So far as Goldman Sachs witnesses are concerned, another significant absence was that of Mr Kabbaj, the person who is alleged to have been largely responsible for generating the close relationship of trust and confidence on which the LIA rely to found their claim. He has not been called by either party to give evidence in the proceedings. Many critical things have been said about Mr Kabbaj in the course of the trial. Some of the complaints made against him I consider implausible but there is no doubt that on frequent occasions he ignored Goldman Sachs policies on a range of matters when he must have been aware of those policies and engaged in conduct which Mr Vella accepted in cross-examination was “completely unacceptable”, “disappointing”, “inappropriate” and similar epithets. He has also been described by his former colleague as being more concerned about his remuneration package and his annual bonus than most other bankers.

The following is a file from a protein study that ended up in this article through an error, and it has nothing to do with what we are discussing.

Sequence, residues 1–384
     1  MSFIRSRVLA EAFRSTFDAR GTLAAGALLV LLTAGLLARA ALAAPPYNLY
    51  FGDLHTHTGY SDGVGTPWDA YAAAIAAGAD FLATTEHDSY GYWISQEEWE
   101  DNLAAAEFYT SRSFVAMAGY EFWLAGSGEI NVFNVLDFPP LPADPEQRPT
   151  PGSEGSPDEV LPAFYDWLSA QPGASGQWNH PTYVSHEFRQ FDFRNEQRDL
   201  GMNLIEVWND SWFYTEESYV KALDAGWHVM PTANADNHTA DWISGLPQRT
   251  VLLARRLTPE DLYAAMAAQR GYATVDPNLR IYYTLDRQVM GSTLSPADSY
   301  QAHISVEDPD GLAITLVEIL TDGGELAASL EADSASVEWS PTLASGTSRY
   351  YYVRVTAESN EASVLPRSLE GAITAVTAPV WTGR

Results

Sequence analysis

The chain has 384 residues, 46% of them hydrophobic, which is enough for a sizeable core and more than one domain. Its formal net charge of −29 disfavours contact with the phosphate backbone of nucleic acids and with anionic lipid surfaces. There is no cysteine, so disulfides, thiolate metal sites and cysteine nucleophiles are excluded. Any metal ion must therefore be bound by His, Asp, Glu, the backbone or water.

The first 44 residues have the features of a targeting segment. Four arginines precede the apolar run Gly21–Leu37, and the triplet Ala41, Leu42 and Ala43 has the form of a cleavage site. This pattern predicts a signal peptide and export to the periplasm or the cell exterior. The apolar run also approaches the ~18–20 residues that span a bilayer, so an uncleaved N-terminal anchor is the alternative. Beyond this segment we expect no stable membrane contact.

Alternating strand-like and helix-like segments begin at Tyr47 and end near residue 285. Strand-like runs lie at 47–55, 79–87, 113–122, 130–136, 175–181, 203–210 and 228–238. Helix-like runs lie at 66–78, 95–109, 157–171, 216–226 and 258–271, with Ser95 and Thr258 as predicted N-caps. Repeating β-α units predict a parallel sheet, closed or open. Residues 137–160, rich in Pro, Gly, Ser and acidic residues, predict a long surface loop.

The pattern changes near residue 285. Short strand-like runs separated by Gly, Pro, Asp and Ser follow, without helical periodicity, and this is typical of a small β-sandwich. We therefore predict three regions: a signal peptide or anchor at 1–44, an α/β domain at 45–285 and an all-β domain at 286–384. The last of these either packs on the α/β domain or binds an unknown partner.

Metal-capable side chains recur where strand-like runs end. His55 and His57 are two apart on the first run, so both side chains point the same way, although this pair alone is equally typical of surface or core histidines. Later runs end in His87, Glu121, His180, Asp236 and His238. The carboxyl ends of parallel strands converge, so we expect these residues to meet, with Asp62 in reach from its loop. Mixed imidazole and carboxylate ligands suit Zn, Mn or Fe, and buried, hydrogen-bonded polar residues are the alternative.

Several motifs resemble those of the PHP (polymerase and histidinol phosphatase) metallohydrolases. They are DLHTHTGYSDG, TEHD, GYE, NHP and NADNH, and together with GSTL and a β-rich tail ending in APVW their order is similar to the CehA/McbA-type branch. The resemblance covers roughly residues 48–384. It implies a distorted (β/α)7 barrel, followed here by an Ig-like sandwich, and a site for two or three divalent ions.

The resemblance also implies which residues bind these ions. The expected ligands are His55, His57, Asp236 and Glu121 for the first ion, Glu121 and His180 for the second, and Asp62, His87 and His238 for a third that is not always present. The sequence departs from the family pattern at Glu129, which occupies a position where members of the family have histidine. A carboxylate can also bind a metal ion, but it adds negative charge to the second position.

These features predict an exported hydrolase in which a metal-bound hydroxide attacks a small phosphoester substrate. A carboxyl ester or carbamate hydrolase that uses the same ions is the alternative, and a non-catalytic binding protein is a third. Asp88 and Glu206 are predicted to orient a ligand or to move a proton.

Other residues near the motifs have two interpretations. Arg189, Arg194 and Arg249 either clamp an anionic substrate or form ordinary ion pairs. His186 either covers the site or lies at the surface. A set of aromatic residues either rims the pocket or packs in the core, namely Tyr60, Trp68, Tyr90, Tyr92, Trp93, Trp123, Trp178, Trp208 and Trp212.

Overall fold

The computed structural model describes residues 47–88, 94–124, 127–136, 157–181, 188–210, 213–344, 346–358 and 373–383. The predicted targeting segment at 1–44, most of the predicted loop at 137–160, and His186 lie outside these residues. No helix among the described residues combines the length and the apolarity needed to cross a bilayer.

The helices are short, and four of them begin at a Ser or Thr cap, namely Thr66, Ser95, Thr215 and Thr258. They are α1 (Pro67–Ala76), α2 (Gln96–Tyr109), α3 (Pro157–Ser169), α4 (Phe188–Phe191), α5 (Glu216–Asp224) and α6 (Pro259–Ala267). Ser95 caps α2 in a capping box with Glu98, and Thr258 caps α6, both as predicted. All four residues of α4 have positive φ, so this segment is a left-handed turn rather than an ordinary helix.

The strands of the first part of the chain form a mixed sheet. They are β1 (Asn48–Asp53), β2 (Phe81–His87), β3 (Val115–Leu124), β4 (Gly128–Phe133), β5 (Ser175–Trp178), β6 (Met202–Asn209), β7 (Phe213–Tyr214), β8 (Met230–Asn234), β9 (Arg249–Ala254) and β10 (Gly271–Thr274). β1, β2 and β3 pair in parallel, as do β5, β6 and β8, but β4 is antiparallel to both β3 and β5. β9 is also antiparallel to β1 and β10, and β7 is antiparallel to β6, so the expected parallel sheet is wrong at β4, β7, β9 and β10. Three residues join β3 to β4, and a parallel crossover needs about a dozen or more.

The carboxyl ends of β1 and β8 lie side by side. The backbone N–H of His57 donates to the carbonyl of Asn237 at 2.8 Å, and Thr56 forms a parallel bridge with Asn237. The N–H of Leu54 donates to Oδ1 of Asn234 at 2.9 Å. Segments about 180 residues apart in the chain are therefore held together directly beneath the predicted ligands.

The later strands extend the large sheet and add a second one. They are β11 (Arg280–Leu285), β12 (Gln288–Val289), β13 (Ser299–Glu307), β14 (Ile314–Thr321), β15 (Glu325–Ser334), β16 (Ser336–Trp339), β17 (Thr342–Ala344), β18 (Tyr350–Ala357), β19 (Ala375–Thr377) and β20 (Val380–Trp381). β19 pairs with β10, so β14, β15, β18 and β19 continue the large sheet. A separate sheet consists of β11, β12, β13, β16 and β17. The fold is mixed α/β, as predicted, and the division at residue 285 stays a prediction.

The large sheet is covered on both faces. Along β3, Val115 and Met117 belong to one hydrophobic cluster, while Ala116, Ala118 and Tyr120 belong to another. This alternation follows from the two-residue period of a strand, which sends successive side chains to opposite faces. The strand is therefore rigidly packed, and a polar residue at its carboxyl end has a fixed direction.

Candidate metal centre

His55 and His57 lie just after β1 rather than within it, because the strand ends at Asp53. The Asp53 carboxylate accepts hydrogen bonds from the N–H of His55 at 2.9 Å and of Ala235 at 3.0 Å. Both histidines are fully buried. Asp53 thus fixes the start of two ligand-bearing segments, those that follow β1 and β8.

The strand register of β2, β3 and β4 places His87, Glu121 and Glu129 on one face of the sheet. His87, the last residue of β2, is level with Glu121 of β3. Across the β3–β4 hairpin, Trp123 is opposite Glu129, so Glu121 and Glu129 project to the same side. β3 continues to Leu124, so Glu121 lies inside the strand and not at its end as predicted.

As to what Mr Kabbaj might have said had he been called, the LIA rely on a letter written by the solicitors Withers LLP dated 10 November 2008, at a time when they were acting for Mr Kabbaj in a potential claim against Goldman Sachs. The letter refers to Mr Kabbaj’s claim for a ‘guaranteed bonus’ of $9 million and to his substantial claims against Goldman Sachs for breach of contract, slander and so forth. The letter includes some quotations from the contemporaneous internal Goldman Sachs emails in which concerns are expressed about the suitability of the trades and about the level of profit earned from them by Goldman Sachs. Of course, the letter paints a very different picture from the one which the LIA put forward in these proceedings, namely a picture in which Mr Kabbaj is the wronged party, complaining that he was unfairly side-lined and marginalised from contact with the LIA following the breakdown of the relationship. The Withers letter asserts that by mid October 2008 senior Goldman Sachs executives were reneging on their promise of a bonus and Mr Kabbaj was told, perhaps unsurprisingly, “if you are still counting on a $9 million bonus or even on a fraction of that, you are living in La-la-land.” In my judgment any attempt by the LIA to rely on the content of this self-serving and selective letter is misguided.